Lecithin is a food additive that acts as an emulsifier and maintains food moisture. An emulsifier acts to keep ingredients together that would separate if left alone, such as oil and water. While previously made from egg yolk, lecithin is now usually made from soybeans. You can buy lecithin as a powder, a liquid or moist granules. Food manufacturers add lecithin to foods such as chocolate, margarine, peanut butter and powdered baked-good mixes.
Instead of using lecithin additives in a recipe, you can add eggs, which contain natural lecithin in the yolks. Lecithin was discovered in egg yolks in 1846. Although soybean lecithin has generally replaced egg lecithin, eggs are still used for their emulsifying properties in products such as ice cream and mayonnaise.
Monoglycerides and Diglycerides
Monoglycerides and diglycerides are types of emulsifier often used in commercial food production. These emulsifiers, manmade from fat and glycerine, are often used in products such as shortening, margarine, caramel, peanut butter and icing.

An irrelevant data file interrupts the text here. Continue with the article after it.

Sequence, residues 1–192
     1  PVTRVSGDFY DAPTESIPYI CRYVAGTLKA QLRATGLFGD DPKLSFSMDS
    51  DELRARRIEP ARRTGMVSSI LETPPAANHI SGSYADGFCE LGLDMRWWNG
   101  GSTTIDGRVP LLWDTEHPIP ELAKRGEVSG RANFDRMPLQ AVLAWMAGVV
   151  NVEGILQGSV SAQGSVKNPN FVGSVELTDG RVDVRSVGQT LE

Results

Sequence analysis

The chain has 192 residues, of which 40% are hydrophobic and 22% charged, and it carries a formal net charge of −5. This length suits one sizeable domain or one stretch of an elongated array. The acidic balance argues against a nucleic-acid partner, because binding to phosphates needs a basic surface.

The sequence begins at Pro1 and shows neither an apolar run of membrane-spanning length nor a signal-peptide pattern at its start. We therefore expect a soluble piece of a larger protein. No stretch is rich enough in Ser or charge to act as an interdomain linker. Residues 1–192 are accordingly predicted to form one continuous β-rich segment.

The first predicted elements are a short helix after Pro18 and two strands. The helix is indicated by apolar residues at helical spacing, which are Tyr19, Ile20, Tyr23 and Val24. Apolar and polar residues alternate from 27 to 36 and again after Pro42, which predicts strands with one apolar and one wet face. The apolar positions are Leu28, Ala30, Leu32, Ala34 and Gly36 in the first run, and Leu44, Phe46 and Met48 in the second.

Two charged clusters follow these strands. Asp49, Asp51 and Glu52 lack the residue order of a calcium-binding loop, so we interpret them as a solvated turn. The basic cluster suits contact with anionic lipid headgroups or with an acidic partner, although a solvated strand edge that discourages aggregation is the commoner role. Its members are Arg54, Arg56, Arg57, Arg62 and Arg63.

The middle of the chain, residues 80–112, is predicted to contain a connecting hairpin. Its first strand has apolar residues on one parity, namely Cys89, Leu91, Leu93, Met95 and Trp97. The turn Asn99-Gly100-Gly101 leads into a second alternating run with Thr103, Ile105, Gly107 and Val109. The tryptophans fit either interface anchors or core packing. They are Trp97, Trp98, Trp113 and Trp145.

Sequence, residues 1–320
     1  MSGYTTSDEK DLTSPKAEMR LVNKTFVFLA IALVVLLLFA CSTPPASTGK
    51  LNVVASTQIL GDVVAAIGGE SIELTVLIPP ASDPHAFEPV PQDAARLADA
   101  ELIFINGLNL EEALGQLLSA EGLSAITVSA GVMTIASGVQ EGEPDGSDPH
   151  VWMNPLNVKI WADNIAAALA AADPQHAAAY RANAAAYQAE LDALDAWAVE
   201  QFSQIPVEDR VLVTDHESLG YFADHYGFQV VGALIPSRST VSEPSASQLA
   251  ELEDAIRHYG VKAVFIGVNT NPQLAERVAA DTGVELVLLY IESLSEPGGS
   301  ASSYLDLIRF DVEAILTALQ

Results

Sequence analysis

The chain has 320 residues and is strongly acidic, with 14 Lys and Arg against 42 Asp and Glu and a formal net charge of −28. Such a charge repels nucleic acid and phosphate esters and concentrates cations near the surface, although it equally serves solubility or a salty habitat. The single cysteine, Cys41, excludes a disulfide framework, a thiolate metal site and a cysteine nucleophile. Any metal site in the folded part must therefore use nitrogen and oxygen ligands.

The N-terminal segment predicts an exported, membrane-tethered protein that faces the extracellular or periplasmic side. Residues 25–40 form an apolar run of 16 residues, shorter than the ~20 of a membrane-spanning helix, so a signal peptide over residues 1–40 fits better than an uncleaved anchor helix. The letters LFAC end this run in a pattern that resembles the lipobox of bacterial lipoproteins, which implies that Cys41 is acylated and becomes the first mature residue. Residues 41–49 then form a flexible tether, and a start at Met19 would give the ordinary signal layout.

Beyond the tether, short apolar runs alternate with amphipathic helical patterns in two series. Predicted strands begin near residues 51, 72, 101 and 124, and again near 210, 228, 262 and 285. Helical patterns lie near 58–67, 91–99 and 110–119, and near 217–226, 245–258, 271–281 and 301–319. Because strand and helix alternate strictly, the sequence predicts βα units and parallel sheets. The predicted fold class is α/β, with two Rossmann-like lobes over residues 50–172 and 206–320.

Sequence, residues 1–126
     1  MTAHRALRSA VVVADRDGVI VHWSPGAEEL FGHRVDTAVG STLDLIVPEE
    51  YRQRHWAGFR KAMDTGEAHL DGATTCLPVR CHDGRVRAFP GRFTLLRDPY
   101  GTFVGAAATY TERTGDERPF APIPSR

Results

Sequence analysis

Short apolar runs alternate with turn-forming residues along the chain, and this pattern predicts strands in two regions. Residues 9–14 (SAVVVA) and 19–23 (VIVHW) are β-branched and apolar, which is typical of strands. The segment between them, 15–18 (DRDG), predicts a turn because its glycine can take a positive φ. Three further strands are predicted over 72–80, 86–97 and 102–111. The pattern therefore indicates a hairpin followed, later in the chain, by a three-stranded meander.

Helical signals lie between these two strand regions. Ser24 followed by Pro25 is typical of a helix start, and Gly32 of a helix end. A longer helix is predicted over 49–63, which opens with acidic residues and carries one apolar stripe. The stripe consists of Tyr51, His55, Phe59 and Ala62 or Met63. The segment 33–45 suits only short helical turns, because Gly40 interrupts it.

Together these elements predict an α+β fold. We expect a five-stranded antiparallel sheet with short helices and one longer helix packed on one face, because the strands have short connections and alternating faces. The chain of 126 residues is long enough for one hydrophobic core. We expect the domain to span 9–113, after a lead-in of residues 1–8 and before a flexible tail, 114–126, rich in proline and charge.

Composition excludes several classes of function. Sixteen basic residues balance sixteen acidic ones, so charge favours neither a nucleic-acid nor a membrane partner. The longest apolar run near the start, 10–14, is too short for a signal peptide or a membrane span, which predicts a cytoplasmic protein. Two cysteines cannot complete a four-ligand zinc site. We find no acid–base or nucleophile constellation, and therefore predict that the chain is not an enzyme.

Some oils are used as emulsifiers. Brominated vegetable oil is added to certain types of sodas. The Center for Science in the Public Interest notes that caution should be taken with brominated vegetable oil; it leaves traces in body fat, although it is not known yet if this is a risk. Diacylglycerol is another type of oil used as an emulsifier. Coconut, palm, palm kernel and vegetable oils are sometimes made into monoglycerides and diglycerides.
Some sugars are used as emulsifiers and to provide sweetness to a recipe. Oligofructose is one type, made from sucrose, that is added to cookies, granola bars and frozen desserts. Other sugars, such as honey and sugar esters, can also act as emulsifiers.